Shares of InvenSense (NYSE:INVN) have fallen around 30% so far in 2015, with the bulk of those declines occurring after the motion chip specialist's fiscal first-quarter 2015 report almost three months ago. So in anticipation of InvenSense's fiscal second-quarter results later this week, you might be able to hear a pin drop in the moments leading up to its release.
The great quarter that wasn't
The thing is, in July InvenSense CEO Behrooz Abdi rightly called fiscal Q1 a "solid quarter," as both revenue (up 59% year over year) and earnings (up 10.5%) came in ahead of Wall Street's expectations. To be sure, the company enjoyed what Abdi described as a "strong market position in our core motion products across the majority of OEMs," while its optical image stabilization (OIS) solutions continued to grow in popularity with major OEMs across the globe.
However, InvenSense also followed with much more conservative guidance for fiscal Q2. Specifically, quarterly revenue this time should be $106 million to $114 million (up 22% at the midpoint), which should translate to net income per share of $0.13 to $0.15 (up from $0.05 per share this time last year). Even so, Wall Street's consensus estimates are slightly more optimistic, calling for earnings at the high end of that range and revenue slightly above the midpoint at $110.8 million.
On macro issues, large customers
You might be forgiven, then, if you're a little apprehensive to hear what InvenSense has accomplished over the past quarter. But don't be just yet.
During last quarter's subsequent conference call -- and this could explain Wall Street's elevated expectations -- CFO Mark Detinger made it clear their guidance was largely due to an abundance of caution with the macroeconomic environment.
"We are a little concerned with the macro issues we are hearing about," Detinger explained. "Some of it is China growth, some with the consumer sentiment coming out of the United States."
In addition, keep in mind InvenSense also disclosed three large customers last quarter accounted for 38%, 23%, and 10% of total sales, respectively. That number was up from two large customers in the prior quarter -- namely, Apple at 32% and Samsung at 29% of sales -- indicating a third unnamed OEM joined the fold. Apple's share will likely continue to play an outsized role this quarter; InvenSense was recently confirmed to be supplying the high-end integrated 6-axis gyroscope and accelerator combination for the iPhone 6s.
But while it's great news that InvenSense's market-leading products are seeing continued success appealing to larger OEMs, these customers also receive volume discounts smaller businesses simply couldn't command. Therefore, results are subject to pressure in the near term as these large customers weigh on both average selling prices and profitability.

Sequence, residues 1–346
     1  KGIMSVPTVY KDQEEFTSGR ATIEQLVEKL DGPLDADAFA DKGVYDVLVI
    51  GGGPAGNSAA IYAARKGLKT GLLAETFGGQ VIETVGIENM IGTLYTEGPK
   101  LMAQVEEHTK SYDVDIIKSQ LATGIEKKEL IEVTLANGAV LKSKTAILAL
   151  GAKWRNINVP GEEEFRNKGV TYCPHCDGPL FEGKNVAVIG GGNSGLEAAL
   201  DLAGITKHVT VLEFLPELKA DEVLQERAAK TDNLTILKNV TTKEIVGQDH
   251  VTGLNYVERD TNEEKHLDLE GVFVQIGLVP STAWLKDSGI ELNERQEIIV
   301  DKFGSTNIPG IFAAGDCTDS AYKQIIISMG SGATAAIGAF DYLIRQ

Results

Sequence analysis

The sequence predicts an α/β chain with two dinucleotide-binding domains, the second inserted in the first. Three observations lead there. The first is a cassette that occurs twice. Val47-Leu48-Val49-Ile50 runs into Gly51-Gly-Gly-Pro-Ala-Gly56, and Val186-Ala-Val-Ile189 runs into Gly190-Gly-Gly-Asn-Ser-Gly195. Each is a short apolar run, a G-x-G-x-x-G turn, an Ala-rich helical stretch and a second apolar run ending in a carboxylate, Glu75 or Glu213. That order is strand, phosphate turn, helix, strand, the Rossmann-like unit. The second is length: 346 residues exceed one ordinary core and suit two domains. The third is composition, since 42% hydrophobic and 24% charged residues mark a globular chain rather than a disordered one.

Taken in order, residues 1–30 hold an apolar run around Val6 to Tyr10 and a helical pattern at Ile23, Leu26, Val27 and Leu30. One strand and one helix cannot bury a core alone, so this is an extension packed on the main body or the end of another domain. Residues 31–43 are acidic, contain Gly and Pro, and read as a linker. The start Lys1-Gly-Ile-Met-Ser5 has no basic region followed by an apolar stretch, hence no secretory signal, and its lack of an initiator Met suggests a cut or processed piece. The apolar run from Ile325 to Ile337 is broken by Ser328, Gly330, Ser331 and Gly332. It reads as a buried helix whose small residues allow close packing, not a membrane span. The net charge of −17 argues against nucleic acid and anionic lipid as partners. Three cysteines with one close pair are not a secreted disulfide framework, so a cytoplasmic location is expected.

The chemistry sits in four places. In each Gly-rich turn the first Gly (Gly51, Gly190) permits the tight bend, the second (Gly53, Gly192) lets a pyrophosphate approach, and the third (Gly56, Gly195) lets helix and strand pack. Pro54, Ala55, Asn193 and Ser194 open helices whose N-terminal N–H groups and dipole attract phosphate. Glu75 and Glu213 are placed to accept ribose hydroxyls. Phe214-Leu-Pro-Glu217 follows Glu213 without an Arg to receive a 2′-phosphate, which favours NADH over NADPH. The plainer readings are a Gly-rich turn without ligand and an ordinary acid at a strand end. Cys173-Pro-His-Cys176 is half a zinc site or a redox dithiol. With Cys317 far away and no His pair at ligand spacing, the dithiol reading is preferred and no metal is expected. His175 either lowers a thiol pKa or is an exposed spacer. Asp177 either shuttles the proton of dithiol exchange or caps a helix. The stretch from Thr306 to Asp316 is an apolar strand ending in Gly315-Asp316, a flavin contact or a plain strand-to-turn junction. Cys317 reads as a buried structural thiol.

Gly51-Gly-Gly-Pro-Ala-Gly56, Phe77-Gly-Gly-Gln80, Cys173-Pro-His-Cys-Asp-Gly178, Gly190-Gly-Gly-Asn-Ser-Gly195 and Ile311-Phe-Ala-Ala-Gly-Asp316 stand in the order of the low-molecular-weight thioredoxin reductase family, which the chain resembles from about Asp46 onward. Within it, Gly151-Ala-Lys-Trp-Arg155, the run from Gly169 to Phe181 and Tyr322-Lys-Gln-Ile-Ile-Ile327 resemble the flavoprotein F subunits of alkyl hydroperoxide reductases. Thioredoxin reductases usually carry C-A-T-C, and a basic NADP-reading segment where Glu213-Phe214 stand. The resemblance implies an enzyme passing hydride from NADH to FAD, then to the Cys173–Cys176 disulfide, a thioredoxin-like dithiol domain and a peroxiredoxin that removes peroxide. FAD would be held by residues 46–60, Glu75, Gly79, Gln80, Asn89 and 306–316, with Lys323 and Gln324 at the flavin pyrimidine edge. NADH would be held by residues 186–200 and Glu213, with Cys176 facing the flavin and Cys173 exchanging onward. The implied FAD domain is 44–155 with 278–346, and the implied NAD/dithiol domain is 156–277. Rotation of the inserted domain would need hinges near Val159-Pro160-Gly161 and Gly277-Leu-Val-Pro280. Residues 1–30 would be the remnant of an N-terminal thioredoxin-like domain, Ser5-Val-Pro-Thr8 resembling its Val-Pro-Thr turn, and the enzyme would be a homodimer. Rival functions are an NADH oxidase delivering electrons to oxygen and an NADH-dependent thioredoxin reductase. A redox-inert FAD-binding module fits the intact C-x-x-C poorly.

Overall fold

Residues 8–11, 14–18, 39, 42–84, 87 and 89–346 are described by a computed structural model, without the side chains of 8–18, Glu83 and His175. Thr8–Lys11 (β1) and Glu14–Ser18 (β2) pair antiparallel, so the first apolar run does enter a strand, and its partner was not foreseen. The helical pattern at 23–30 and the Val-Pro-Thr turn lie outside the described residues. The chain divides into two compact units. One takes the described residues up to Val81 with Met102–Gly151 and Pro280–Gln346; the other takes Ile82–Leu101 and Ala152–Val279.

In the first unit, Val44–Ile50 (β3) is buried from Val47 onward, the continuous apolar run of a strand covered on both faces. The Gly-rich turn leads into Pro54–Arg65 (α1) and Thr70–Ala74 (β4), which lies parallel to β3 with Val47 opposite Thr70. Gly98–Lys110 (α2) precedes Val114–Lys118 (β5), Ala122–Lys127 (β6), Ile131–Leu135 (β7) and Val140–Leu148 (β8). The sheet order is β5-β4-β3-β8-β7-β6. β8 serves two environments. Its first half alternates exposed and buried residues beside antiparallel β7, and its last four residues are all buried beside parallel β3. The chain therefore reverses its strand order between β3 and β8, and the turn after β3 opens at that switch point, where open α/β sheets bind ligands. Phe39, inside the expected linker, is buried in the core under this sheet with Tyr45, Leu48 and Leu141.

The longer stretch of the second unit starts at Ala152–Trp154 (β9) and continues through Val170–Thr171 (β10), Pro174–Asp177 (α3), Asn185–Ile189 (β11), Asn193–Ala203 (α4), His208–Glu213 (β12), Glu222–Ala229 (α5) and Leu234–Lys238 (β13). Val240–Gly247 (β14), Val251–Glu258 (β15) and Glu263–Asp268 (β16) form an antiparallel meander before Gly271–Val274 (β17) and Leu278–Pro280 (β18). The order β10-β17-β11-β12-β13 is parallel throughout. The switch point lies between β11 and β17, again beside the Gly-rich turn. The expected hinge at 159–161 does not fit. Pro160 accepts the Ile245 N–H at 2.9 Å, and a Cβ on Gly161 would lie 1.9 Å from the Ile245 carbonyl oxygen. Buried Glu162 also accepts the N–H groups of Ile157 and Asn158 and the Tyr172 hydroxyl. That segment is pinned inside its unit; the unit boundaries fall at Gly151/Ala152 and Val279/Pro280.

On supplementary growth
As I mentioned earlier, however, InvenSense enjoys the potential to expand into other vertical markets through its OIS platform, which Abdi noted during the last call, continues to build momentum. Particularly in South Korea, InvenSense's OIS solutions have already been adopted in all major flagship smartphones, and could drive significant incremental revenue by winning spots in entry-level and medium-tier smartphones down the road. Listen for updates, then, on whether OIS has continued to gain steam.
But perhaps even more exciting -- and even more crucial to achieving profitable, long-term growth -- will be updates on InvenSense's new Firefly family of products, which represents the industry's first complete system-on-a-chip integrating MEMs sensors with multi-core sensor process, embedded ARM, memory, and InvenSense's open software architecture. Previously, InvenSense management expressed confidence FireFly could gain traction in particular with Chinese smartphone makers, relieving them of the burden of designing and building their own similar power-efficient sensor packages. So, based on FireFly's most recent progress, look for comments on when exactly the company anticipates the promising SoC to meaningfully contribute to revenue and earnings.
Finally, Detinger last quarter also hinted during the call of "very good signals" that InvenSense's margins would see improvement either toward the end of this fiscal year or the beginning of fiscal 2017. Of course, InvenSense investors at this point are already growing impatient, but it's also worth reiterating that its current guidance still calls for relatively healthy growth on a year-over-year basis. With shares trading at just 14 times next year's expected earnings -- and within an accelerometer's throw of 52-week lows -- any signs of improvement this week would go a long way toward appeasing that impatience and proving InvenSense's growth story remains intact.
Steve Symington owns shares of Apple and InvenSense. The Motley Fool owns shares of and recommends Apple and InvenSense. Try any of our Foolish newsletter services free for 30 days. We Fools may not all hold the same opinions, but we all believe that considering a diverse range of insights makes us better investors. The Motley Fool has a disclosure policy.